So do Sixpence attract the bedsitter crowd? Communication phobics? Are Slocum's songs going to attract that type of disposition?
Matt agrees, "Yeah, I would think so. I guess everybody is born with certain dispositions, and that's where my disposition tends to go, and it's an amazing thing that people gravitate towards people of certain dispositions, and you don't even know that person, but you sort of gravitate towards that. What's interesting about this group is that Leigh and I are opposites of dispositions. They come together to make a certain chemistry of a melancholic disposition, exploring those things, and then meeting up with a very hopeful, cheery disposition, and what that produces for the world - it's a kind of mysterious thing."
Mystery is not a very prevalent feature in Christian music where the industry prefers to work in safe, obvious certainties. The band haven't been shy in interviews when it comes to letting people understand the spiritual nature of their music but with Sixpence, you get the feeling that God has called them to intrigue people. Matt agrees, "I think there's just a big lack of seeking and the mystery of God, and the way the world works, everything has to be immediate. It has to be in a two minute sound bite, or has to immediately affect them when they change the channel. I don't know if God really needs to compete with that, because he's out there, and if you want to go find him, you have to go seek him, and that's just how I've always lived my life, so it kind of comes across in the songs."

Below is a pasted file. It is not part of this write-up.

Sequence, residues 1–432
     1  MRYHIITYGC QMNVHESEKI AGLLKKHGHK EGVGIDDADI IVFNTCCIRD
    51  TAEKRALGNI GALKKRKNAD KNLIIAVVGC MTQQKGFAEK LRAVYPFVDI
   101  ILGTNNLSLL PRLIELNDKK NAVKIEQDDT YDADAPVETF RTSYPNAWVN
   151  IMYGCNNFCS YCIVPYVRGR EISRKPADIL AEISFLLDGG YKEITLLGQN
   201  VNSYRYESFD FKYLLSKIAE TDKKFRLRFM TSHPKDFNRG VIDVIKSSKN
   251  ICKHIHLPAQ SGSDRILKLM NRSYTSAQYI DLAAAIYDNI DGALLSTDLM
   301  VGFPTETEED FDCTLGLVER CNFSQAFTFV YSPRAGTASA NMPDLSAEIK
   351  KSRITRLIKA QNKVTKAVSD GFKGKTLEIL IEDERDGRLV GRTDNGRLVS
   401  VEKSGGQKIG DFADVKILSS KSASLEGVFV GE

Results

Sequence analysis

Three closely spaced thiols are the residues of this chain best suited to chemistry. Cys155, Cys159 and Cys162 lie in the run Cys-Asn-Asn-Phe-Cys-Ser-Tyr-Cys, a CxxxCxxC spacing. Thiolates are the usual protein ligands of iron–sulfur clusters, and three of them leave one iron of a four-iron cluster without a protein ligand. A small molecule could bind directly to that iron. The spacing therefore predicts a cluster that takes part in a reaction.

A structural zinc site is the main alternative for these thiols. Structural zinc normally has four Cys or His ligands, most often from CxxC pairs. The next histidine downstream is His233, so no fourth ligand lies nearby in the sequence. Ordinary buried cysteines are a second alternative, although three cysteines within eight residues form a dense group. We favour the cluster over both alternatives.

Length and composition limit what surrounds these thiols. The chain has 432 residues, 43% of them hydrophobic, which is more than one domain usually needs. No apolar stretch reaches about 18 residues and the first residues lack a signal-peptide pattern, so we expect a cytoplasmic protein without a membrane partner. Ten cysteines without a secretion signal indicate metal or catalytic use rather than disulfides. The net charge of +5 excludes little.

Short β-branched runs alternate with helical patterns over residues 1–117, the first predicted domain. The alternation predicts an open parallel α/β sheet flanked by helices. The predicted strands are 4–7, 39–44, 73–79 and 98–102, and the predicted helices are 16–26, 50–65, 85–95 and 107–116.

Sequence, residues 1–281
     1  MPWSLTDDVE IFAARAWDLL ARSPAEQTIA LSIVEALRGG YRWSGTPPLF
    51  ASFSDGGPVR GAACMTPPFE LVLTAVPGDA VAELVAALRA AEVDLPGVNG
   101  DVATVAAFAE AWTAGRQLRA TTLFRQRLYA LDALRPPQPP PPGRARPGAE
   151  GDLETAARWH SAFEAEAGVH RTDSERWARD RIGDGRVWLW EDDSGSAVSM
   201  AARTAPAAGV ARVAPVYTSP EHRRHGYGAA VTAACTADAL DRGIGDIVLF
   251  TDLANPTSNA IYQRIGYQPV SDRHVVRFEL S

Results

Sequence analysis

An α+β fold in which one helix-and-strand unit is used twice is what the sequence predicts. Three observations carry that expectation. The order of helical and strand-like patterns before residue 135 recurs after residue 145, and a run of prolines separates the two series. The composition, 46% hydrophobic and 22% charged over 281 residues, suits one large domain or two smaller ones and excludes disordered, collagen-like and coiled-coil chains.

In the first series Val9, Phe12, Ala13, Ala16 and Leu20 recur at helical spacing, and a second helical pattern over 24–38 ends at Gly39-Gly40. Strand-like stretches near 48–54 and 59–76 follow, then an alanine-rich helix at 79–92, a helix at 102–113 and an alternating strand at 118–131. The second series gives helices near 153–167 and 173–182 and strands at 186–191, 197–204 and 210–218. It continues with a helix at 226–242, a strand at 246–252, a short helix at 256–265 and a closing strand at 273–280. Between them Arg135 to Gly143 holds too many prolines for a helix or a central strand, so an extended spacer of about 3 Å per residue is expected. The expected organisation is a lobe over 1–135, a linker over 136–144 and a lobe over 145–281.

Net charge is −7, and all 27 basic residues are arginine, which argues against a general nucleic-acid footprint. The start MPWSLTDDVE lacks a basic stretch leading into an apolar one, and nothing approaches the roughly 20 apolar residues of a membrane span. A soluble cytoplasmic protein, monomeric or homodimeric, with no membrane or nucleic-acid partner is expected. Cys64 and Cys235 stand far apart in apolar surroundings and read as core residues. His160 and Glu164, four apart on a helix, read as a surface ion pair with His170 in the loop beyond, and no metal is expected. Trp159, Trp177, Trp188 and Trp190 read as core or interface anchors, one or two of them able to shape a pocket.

Matt continues to expand on this, "My personality is not to go in and be very heavy handed ministry-wise, although I think that there's a place for that, and it works wonderfully. But I think there's also a place for people just being salt and light, and letting people seek and discover things and make them their own. When I became a Christian I was lead very gently to the Lord, and from that was able to seek things out and make them my own. I feel I'm a stronger Christian because of that, instead of somebody coming in and pounding it into me, but that's just me, but there's a lot of people like me out there."
And those people could so easily have missed out on the delights of Sixpence's music if the behind-the-scenes wrangles hadn't been sorted out. Talking with Leigh, she elaborates on the consequences of the legal battles with their former record label which took their toll on the band. She remembers, "We couldn't record for about a year and a half, so it was pretty rough. A ton of bands go through this though, it's not like we had special circumstances! But it was very difficult for us, and we ploughed through it and I think the thing that kept us going was the love of the music that we were doing."